Many seniors have undiagnosed sleep apnea

Three yellow Lab puppies, one asleep and 2 are yawning. Text reads: Dog tired? You don't have to be. Talk to your doctor about sleep apnea.

Many older adults could have a sleep disorder that disrupts their nightly sleep and potentially puts their health at risk. And yet they may not even know they have the condition, a study published in the Journal of the American Geriatrics Society suggests.

That disorder is obstructive sleep apnea (OSA). It happens when the throat collapses during sleep, causing a person’s breathing to stop and start up again several times a night. Untreated OSA may increase the risk for several health problems. It’s linked with high blood pressure, stroke, heart disease, diabetes and depression.

People with OSA often snore loudly and feel tired during the day. A choking sound may interrupt their breathing at night. And some may feel irritable and depressed.

Some seniors with sleep apnea may mistake their symptoms for normal signs of aging, the research suggests. It found that more than half of the seniors studied were at high risk for sleep apnea. But only about 8 percent of these people had an overnight sleep study to find out if they had the disorder.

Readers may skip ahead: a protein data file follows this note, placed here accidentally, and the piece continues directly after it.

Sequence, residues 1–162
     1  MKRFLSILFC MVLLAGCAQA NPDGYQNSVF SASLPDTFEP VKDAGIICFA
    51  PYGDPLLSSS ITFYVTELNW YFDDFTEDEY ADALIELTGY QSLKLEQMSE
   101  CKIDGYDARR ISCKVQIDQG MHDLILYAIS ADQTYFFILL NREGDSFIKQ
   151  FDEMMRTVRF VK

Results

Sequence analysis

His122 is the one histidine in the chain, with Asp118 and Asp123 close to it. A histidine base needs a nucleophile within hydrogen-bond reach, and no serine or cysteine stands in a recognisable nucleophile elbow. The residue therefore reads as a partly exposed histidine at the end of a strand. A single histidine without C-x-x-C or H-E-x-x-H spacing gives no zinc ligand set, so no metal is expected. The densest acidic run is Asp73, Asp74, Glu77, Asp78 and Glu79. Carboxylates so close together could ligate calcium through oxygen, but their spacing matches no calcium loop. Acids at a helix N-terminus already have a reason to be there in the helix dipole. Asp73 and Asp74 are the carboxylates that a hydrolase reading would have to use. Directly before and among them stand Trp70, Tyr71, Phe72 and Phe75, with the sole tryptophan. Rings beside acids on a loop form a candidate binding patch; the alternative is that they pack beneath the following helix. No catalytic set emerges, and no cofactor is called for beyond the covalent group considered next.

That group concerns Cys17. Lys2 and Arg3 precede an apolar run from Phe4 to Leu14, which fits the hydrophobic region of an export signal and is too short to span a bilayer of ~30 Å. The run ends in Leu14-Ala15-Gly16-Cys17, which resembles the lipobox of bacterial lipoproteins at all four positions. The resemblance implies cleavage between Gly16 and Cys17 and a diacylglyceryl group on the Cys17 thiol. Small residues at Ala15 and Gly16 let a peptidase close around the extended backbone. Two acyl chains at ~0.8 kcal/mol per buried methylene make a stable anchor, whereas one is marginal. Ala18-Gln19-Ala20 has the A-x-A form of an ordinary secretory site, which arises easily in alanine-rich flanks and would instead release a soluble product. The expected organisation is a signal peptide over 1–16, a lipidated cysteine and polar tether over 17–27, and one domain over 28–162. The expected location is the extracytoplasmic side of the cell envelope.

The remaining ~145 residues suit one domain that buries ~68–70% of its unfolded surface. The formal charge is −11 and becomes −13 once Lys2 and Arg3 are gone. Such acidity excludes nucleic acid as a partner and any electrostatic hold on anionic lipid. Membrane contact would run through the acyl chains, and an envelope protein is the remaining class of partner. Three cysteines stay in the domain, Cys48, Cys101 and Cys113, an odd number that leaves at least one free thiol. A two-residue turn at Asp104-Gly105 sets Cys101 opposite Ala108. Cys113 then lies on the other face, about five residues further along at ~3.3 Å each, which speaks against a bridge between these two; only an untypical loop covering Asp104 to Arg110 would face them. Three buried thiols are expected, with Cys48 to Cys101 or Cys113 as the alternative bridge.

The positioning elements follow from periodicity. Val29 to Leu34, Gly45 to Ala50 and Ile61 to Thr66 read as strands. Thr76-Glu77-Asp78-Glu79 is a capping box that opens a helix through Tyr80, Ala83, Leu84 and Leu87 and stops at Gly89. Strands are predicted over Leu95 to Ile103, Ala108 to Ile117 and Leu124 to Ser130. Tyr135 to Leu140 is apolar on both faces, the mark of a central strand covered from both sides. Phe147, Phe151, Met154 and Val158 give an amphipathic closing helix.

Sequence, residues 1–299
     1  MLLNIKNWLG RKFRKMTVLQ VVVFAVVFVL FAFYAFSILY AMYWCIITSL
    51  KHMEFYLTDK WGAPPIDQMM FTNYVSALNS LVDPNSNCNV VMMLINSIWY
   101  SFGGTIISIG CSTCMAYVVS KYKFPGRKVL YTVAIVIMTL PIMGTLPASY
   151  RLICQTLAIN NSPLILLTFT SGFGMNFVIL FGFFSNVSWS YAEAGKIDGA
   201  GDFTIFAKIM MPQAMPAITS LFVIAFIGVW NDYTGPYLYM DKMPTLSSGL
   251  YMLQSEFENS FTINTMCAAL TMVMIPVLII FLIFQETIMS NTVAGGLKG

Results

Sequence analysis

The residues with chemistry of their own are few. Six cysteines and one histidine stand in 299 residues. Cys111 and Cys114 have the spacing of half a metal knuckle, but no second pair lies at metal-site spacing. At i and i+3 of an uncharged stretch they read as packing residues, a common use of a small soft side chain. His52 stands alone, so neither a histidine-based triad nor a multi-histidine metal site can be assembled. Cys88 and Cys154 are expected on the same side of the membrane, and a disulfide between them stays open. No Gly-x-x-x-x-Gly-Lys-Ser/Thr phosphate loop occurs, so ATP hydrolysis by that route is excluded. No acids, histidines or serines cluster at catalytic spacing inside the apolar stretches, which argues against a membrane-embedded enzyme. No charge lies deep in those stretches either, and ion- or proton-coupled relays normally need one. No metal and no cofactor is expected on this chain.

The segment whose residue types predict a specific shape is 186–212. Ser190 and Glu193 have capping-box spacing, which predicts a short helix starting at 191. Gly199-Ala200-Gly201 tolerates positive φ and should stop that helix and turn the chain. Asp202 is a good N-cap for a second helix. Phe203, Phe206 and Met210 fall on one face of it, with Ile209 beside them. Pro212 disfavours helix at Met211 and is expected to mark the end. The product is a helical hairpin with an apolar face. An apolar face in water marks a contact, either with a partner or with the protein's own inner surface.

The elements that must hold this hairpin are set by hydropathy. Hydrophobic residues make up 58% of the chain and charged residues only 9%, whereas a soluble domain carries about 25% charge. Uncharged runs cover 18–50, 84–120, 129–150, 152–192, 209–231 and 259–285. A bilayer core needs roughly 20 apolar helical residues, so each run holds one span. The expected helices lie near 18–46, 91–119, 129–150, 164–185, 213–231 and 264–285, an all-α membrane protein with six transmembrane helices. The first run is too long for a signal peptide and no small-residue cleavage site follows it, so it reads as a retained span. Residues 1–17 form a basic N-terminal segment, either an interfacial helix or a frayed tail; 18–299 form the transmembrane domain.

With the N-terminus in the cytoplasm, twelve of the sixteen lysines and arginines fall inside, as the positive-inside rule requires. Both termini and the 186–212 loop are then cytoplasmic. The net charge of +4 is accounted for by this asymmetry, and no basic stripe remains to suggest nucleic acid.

The findings suggest a big opportunity for seniors and their doctors to talk about sleep apnea and the potential need for testing. With a proper diagnosis, more seniors could get treatment and feel better, according to the study’s authors.

OSA is often treated with continuous positive airway pressure (CPAP) therapy. During sleep, a bedside CPAP machine sends pressurized air through the nose or nose and mouth to the throat to keep the airway open.

Could you have a sleep disorder?

Sleep apnea is common in younger people too. Check out our sleep assessment, and talk with your doctor about the results.

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